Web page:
Wiley: Gohmert wants 'fact witnesses' but White House blocking

Breathe. Be present. Meditate.

Rep. Doug Collins, R-Ga., squeezes a stress ball during the House impeachment inquiry on Wednesday.Chip Somodevilla / Getty Images

Karlan: 'The president can name his son Barron, but he can’t make him a baron'

Karlan forcefully rebutted Trump's argument that Article II of the U.S. Constitution gives him the power to "do whatever I want." 

She said that the Founding Fathers did not want a king who would rule with impunity, and that impeachment is a tool to hold a leader accountable. 

"The Constitution doesn’t allow titles of nobility," she said. "The president can name his son Barron, but he can’t make him a baron."

Judiciary hearing resumes after breaking for floor votes

The Judiciary Committee hearing resumed at about 2:42 p.m. following House votes. There are no additional floor votes Wednesday. Thirty-eight more members are expected to ask questions, which means the hearing is expected to continue for another three to three and a half hours. 

ANALYSIS: Democrats' witnesses did what the lawmakers hoped they would

In what amounted to the first half of the House Judiciary Committee's impeachment hearing Wednesday, three of the legal scholars called by Democrats argued that Congress has a duty to impeach the president.

"If you don't impeach a president who has done what this president has done … then what you're saying is that it's fine to go ahead and do this again," Stanford Law Professor Pamela Karlan testified. "It's your responsibility to make sure that all Americans get to vote in a free and fair election next November.”

They did what Democrats on the committee needed them to do.

Whether Democratic lawmakers can figure out how to amplify their testimony effectively to persuade more of the public that Trump presents a clear and present risk to the republic remains to be seen.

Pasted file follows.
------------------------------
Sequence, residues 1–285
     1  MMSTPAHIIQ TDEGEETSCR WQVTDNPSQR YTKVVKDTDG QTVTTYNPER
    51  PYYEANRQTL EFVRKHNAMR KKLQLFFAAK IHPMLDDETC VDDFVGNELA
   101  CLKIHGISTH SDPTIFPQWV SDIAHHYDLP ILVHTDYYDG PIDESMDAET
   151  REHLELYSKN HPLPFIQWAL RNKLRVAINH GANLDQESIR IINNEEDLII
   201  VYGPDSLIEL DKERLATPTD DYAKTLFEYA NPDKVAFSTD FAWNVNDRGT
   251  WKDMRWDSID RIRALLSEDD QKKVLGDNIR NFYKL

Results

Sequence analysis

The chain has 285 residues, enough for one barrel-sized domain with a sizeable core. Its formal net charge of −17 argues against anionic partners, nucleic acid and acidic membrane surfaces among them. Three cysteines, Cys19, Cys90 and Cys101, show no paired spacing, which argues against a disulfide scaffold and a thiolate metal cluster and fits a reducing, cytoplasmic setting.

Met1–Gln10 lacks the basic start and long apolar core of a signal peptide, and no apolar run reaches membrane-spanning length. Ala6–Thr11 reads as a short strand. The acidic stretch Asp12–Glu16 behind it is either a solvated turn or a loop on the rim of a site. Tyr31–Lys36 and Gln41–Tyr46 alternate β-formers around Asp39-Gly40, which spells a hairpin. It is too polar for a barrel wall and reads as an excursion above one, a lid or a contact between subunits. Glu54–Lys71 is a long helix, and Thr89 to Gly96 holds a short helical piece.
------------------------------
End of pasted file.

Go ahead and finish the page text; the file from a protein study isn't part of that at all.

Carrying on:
Witnesses Noah Feldman, Pamela Karlan, Jonathan Turley and Michael Gerhardt share a laugh during the House Judiciary Committee hearing on Dec. 4, 2019.Mike Segar / Reuters

Together, the trio contended that Trump was acting like a monarch, engaging in conduct that amounts to a buffet of impeachable offenses. They explained why each of Trump's separate acts amounts to an impeachable offense — freezing aid to Ukraine, pursuing investigations into a political rival and blocking Congress' investigation among them — and why they have concluded that the president met the Constitution’s standard for bribery by conditioning the money for Ukraine on the announcement of the probes.

They based their conclusions on the idea that he abused his powers as president in exactly the ways the framers of the Constitution envisioned when they gave Congress the power to impeach a president and remove him from office.

Republicans countered with Jonathan Turley, a law professor at George Washington University, who testified that he had not seen "clear and convincing" evidence that the president had committed a crime, that the inquiry has been rushed, and that a crime should be at the heart of any impeachment of a president — both arguments that dovetail with Trump's defense and that of House Republicans but are not standards contained in the Constitution.

Trump press secretary Grisham weighs in...

Rage....

Hearing is on break, but the news won't stop...

The Judiciary Committee has taken a break at roughly 1:31 pm. ET until after the House finishes voting. Expect this break to last until approximately 2:15-2:30 p.m. 

We got through three member questions, so still 38 members to go. 

A congressional staffer puts up signs before a House Judiciary Committee hearing on impeachment on Dec. 4, 2019.Chip Somodevilla / Getty Images